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The Eco-Conscious Craft: Choosing Eco-Friendly Stains for Wood

In an age where sustainability is more than a buzzword, our choices as consumers and creators are under a green-tinted spotlight. Woodworking, once a domain of traditional craftsmanship, is evolving to meet eco-friendly standards. Enter the eco-friendly stain, the silent hero of the woodworker’s toolkit. Unlike their conventional counterparts, these eco-stains are champions of the environment, boasting low or zero VOC content and biodegradability.

Why Make the Switch

Eco-friendly stains are like a breath of fresh air—literally and figuratively. Traditional stains are known to release harmful volatile organic compounds (VOCs) into the air. Eco-alternatives offer a safer, cleaner working environment for the woodworker and a healthier end-product for the customer. Apart from the health benefits, using eco-friendly stains contributes to a reduced environmental footprint, aligning with the global shift toward sustainability.

The Palette of Options

The transition to eco-friendly woodworking does not need to come with a compromise on results. Today’s brands offer a broad spectrum of eco-stains and dye kits that deliver on both efficacy and earth-friendly promises. From vibrant wood dyes to rich pigmented stains, the selection is varied, ensuring that your project stands out and stands up for the planet.

Real Stories, Real Results

Woodworkers who have embraced the use of eco-friendly stains testify to their success. These green alternatives produce durable, high-quality finishes and are fully capable of showcasing the natural beauty of wood without the environmental guilt. With first-hand experiences like these, it’s clear that the future of woodworking is inherently tied to the eco-friendly story it tells.
For those who craft carefully, the eco-friendly stain is a brushstroke toward a brighter, more sustainable craft. It’s a small change reflecting a grand transformation in how we view and value our craft, environment, and future.

Gray Wood Stain Demonstration Using Wood Dye

Making Gray Wood Stain Using Keda Dye is Very Easy To Do.

The Mixture

The formula I used was:

To start, I mix 1/8th Tsp. of Keda Dye’s Coal Black Dye Powder (or 0.5 Grams) powder dye into 1 oz. warm water. I then added 7 oz. of Isopropyl alcohol to the 1 oz. water dye mixture. You could just use 8 oz. of warm water though. However, I liked the look and the faster dry time using the 70%-91% rubbing alcohol for my project. Diluting the Keda Coal Black powder dye creates this beautiful silver gray stain color, and has an amazing wood finishing depth.

Wood Used

The main project was made from a lower grade, solid wood “Curly Maple”. I also used a store bought Pine, as well as double A grade Quarter Sawn Maple, with a Rotary Cut Maple Veneer B side laid up on MDF core. The last two woods were primarily for showing the same gray dye stain color on different woods.

Wood Prep

On this project the prep work used for all the woods, consisted of sanding the wood with a 150 grit sandpaper. I did blow off the saw dust, with compressed air. This was also followed by wiping down the pre colored wood with the 91% Isopropyl Alcohol, and a lint free microfiber towel to remove any dust still lingering behind. After cleaning the wood with the alcohol, I allowed the rubbing alcohol to completely dry before the stain application process.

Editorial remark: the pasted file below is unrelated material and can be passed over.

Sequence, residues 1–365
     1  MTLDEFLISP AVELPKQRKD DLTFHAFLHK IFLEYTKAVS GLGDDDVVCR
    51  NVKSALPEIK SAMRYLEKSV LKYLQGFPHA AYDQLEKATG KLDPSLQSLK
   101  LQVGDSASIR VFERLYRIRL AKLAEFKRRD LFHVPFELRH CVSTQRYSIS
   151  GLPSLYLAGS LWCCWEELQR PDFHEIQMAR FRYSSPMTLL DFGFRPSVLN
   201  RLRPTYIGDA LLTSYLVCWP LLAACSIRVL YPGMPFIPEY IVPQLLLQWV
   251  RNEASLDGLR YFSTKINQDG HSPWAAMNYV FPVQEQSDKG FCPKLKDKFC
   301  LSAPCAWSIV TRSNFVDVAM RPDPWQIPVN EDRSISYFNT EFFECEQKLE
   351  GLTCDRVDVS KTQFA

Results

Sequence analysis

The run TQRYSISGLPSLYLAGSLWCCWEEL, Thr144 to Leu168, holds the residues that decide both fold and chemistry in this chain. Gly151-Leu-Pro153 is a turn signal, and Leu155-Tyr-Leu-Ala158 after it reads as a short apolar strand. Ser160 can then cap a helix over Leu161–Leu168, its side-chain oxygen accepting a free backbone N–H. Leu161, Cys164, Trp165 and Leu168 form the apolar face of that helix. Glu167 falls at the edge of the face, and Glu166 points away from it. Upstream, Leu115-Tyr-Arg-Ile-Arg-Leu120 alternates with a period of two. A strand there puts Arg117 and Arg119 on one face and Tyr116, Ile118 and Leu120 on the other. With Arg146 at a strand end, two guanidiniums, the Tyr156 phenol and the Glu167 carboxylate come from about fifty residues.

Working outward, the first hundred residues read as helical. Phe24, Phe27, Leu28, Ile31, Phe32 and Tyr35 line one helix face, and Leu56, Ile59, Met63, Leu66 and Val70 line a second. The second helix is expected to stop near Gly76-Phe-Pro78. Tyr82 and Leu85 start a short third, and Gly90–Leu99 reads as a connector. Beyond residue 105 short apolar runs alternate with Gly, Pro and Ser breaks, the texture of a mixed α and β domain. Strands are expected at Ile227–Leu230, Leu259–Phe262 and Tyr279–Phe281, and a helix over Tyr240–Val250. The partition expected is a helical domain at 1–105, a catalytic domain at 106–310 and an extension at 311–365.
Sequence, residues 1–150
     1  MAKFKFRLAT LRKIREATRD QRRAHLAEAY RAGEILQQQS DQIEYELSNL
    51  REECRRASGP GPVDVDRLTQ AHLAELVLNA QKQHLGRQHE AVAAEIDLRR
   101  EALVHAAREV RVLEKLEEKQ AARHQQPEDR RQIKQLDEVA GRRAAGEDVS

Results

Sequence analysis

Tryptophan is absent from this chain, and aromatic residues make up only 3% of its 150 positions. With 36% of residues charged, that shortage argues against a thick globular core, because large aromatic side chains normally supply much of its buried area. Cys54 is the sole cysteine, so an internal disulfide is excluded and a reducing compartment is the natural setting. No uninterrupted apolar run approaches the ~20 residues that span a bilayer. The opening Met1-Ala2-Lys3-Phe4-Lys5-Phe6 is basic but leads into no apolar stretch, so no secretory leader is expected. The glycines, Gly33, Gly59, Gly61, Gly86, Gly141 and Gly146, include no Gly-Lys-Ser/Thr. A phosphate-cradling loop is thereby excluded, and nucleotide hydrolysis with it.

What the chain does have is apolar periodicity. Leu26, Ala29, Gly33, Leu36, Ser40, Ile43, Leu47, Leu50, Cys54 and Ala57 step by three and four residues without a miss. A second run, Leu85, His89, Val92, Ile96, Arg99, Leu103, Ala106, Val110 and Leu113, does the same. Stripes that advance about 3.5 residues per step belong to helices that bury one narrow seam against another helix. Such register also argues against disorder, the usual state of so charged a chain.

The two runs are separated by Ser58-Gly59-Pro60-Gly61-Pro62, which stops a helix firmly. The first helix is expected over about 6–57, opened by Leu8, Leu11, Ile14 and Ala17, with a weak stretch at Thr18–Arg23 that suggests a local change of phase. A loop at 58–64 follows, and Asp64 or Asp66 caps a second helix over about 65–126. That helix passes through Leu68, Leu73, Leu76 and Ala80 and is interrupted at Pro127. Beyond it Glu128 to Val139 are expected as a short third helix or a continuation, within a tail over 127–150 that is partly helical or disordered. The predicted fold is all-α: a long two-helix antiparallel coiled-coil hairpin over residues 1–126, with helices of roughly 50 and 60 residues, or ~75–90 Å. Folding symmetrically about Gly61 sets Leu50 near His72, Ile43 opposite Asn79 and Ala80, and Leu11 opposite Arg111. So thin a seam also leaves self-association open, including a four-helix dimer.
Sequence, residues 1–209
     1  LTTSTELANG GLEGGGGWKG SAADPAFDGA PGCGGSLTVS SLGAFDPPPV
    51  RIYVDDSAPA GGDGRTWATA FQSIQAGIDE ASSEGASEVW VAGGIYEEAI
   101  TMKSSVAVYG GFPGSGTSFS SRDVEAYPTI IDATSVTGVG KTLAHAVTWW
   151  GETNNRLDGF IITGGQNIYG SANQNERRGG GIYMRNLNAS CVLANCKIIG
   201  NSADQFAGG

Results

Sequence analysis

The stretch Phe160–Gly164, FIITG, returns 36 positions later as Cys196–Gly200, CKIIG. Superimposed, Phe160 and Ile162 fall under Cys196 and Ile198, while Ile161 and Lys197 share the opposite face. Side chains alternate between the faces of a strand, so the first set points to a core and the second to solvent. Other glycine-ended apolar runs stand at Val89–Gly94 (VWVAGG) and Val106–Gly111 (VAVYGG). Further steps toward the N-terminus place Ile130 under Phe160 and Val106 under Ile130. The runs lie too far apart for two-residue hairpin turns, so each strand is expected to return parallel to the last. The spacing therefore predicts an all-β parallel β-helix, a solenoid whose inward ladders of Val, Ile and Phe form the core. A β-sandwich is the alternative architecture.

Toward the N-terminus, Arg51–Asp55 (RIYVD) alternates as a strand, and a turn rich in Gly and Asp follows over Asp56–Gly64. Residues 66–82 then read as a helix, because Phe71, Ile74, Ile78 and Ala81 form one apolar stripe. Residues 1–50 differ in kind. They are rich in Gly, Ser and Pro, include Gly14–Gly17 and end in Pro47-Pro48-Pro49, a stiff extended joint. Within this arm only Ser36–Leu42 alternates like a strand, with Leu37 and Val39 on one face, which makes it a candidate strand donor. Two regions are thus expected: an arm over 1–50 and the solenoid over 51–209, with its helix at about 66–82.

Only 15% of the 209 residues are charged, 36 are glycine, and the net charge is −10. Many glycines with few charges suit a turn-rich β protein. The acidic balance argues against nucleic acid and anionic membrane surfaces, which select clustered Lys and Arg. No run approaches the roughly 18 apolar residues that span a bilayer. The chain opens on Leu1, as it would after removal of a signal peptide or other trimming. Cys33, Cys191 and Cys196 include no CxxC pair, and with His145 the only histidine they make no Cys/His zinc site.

Wood Stain Application

I began the gray stain application process. I flooded the wood surface with the gray stain mixture, and worked the wood dye into the grains of the wood. The dyes absorbed and dried relatively quickly. Personally, I typically like to wipe the stained wood down with a clean, lint free cloth, prior to fully drying. This helps to lift off any loose wood dyes, and helps prevent any possible wood stain pooling.

For the second round for the gray dye solution, was to be a little more controlled during the application process. I did not flood the surface quite as heavily. I did wipe off the excess wood stain off fairly quickly in an effort to get that silver gray look.

Sealing The Gray Stain Into The Wood

Once I was certain the gray dye stain had fully dried, I followed that up with sealing the stained wood with a spray can of gloss lacquer from Deft. I did not wet sand or polish the lacquer at all. After all, these blanket holders are going to be in my closet. I did however, do an in-between coat sanding about an hour after the 2nd coat of lacquer had dried. 3 coats of the lacquer in total were applied, but you certainly could add more. This really was a very simple DIY project. Hopefully it has provided a good visual for getting that transparent, clean, gray wood stain look, and helps someone out.

You can buy Keda wood dye on our ordering information page located here: Buy wood dye

Wood Dye Tips & Tricks for Your Coloring Projects

Dying wood is an excellent option to add color to any project. When applied correctly, wood dye provides a unique and natural-looking finish highlighting its texture and grain. Achieve the best results by following different tips and tricks, such as choosing UV light-resistant pigments, mixing the dye constantly, and adding a finishing coat.